Curiosity-Driven Exploration by Self-Supervised Prediction by Pathak, D., Agrawal, P., Efros, A. A., & Darrell, T. (2017)

Reinforcement learning
(Pathak et al. 2017)


This paper presents a curiosity-based method for training RL agents. These agents are given a reward \(r_t\) which is the sum of an intrinsic and an extrinsic rewards. The latter is mostly (if not always) 0, while the former is constructed progressively during exploration by an Intrisic Curiosity Module (ICM).

The module is illustrated below (figure from the paper).

The left part of the figure represents a standard RL setup where actions are taken according to a policy and they affect the state of the agent.

The ICM module is a constantly evolving reward function composed of 3 sub-modules:

  • A feature encoder \(\phi\) which encodes the states into feature vectors.
  • A forward model which tries to predict the encoded next states \(\phi(s_{t + 1})\) from the current encoded state and action taken.
  • An inverse model that predicts the action taken from both the previous state and next state.

The intrinsic reward is the scaled squared difference between estimated \(\hat{\phi}(s_{t + 1})\) and \(\phi(s_{t + 1})\). This setup rewards exploration because large errors in the prediction of the next state’s feature encoding will lead to more exploration of that region of the environment. Moreover, parts of the environment that are completely unpredictable and unaffected by the actions will have no incentive in being encoded by the ICM. The model should therefore “distill” the current state to only its essential parts.

Results are impressive, especially in the sparse and very sparse reward settings (see paper for details) where the model still learn significantly better policies than other methods in terms of extrinsic reward.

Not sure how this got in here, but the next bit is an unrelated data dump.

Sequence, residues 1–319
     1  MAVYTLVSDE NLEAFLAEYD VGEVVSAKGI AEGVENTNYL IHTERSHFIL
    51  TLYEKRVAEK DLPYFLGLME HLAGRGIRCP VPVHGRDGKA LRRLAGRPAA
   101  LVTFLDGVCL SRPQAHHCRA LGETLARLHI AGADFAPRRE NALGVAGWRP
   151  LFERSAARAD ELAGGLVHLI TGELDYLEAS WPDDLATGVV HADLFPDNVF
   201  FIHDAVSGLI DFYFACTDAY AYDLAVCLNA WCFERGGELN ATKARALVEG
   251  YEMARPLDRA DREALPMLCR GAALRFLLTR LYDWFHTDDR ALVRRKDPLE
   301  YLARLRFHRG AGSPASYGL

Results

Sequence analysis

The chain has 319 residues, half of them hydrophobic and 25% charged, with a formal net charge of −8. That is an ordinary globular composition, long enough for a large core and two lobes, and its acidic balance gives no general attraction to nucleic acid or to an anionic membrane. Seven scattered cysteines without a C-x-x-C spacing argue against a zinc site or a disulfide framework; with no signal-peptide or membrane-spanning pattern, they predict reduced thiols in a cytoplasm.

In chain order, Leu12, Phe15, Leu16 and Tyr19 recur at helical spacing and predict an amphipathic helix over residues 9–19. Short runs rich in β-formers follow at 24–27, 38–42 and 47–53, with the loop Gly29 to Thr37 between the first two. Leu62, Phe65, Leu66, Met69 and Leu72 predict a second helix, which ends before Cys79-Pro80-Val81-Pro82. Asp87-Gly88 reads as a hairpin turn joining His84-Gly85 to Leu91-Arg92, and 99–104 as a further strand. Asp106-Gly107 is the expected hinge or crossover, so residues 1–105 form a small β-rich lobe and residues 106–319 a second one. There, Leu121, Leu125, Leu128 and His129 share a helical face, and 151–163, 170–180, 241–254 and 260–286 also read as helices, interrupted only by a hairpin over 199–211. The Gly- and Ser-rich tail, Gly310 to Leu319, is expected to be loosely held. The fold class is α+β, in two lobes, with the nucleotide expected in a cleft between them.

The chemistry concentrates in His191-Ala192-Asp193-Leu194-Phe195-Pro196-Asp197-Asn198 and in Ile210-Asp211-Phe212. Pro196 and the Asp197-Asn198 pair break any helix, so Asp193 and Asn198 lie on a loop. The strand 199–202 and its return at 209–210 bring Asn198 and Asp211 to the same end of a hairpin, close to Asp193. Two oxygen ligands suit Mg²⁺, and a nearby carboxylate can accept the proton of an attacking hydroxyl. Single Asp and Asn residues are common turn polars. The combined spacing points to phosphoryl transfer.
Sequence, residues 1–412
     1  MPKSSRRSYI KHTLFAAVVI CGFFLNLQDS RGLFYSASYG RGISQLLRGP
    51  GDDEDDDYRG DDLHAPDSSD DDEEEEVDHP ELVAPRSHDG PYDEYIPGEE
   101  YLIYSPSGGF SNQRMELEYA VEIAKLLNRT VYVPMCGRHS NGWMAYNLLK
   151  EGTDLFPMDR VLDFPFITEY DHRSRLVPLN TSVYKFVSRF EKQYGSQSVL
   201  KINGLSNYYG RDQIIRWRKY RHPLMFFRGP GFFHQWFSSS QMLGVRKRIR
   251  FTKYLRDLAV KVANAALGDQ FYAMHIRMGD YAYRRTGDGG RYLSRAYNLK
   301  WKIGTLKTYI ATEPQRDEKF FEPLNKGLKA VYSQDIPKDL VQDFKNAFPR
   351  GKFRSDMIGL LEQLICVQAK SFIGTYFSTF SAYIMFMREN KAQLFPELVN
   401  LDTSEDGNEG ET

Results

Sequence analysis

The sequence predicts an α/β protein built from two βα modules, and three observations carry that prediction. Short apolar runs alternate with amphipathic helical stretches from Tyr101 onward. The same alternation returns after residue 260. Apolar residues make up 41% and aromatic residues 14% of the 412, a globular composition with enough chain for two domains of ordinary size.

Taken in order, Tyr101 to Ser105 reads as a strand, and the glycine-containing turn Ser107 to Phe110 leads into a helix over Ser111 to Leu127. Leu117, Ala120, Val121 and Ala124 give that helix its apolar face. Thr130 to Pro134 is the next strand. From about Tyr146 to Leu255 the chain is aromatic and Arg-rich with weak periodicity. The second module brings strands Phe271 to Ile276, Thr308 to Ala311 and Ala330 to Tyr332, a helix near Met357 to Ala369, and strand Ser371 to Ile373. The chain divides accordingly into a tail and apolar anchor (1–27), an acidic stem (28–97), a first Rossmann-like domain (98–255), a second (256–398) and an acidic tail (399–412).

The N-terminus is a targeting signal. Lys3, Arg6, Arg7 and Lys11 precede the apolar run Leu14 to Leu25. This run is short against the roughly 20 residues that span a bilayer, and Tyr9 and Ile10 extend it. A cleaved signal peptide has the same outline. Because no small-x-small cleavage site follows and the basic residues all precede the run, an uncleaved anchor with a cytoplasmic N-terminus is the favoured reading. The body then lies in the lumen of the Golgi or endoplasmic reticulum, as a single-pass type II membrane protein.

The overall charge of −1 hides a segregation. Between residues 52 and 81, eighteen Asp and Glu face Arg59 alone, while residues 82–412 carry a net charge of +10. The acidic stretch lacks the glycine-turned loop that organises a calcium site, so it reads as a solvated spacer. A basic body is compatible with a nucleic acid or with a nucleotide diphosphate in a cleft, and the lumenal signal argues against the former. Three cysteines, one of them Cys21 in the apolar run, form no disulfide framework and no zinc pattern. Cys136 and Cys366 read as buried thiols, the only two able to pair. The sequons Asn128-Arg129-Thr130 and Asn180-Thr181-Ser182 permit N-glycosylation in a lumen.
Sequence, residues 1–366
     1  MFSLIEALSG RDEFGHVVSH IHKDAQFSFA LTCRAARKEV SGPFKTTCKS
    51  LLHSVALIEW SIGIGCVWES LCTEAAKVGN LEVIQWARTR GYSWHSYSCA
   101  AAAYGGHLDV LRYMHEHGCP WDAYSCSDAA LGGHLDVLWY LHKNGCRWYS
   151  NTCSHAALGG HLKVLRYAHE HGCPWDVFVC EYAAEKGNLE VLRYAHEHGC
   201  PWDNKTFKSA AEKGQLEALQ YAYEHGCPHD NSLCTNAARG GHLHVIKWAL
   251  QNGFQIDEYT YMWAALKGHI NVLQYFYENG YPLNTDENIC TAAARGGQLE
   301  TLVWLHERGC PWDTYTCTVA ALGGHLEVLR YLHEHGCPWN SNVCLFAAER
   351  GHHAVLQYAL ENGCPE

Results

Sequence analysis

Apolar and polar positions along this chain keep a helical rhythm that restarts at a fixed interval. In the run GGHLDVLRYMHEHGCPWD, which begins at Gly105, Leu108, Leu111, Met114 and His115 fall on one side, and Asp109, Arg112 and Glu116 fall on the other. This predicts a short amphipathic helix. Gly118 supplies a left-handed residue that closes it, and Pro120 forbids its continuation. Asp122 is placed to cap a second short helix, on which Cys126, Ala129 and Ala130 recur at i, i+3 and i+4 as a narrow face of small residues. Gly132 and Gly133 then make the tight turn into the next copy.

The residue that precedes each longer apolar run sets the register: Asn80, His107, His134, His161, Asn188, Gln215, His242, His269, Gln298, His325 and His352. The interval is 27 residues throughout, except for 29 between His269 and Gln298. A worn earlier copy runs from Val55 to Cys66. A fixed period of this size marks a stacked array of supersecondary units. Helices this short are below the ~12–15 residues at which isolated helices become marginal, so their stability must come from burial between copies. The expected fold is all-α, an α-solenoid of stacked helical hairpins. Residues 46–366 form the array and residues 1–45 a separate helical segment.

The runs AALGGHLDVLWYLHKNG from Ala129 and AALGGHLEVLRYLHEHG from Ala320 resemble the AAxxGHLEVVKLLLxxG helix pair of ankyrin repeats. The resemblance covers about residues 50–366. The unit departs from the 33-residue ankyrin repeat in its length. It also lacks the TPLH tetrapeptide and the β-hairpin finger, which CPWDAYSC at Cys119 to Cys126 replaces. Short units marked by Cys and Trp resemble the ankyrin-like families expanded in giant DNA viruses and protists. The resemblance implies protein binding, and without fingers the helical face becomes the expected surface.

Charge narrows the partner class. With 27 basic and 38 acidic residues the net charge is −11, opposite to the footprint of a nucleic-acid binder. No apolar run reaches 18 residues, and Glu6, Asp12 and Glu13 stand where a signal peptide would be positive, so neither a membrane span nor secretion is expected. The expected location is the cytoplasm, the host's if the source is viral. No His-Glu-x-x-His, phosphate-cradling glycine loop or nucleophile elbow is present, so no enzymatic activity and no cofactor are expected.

Comment on generalization in RL from the paper:

It is common practice to evaluate reinforcement learning approaches in the same environment that was used for training. However, we feel that it is also important to evaluate on a separate “testing set” as well. This allows us to gauge how much of what has been learned is specific to the training environment (i.e. memorized), and how much might constitute “generalizable skills” that could be applied to new settings.

I think this research direction is extremely interesting. No/sparse-reward RL seems like a promising approach to construct agents that can efficiently explore and reach good performance on unseen environments.

The authors recognize a few issues with their method, but the overall principle seems solid. However, the component that still bothers me is the fact that the ICM, policy, etc. still rely on neural networks trained with gradient descent. This is in my opinion why they won’t really be able to do much more than what they’ve been trained to do and still suffer from the usual issues with neural networks. They won’t be able to learn things on the long term or re-use successful components or innovate significantly.

This issue with neural networks and gradient-based learning is illustrated in the paper by the following quote:

In Mario our agent crosses more than 30% of Level-1 without any rewards from the game. One reason why our agent is unable to go beyond this limit is the presence of a pit at 38% of the game that requires a very specific sequence of 15-20 key presses in order to jump across it. If the agent is unable to execute this sequence, it falls in the pit and dies, receiving no further rewards from the environment. Therefore it receives no gradient information indicating that there is a world beyond the pit that could potentially be explored.


  1. . . "Curiosity-driven Exploration by Self-supervised Prediction". In 2017 IEEE Conference on Computer Vision and Pattern Recognition Workshops (CVPRW), 488–89. Honolulu, HI, USA: IEEE. DOI.
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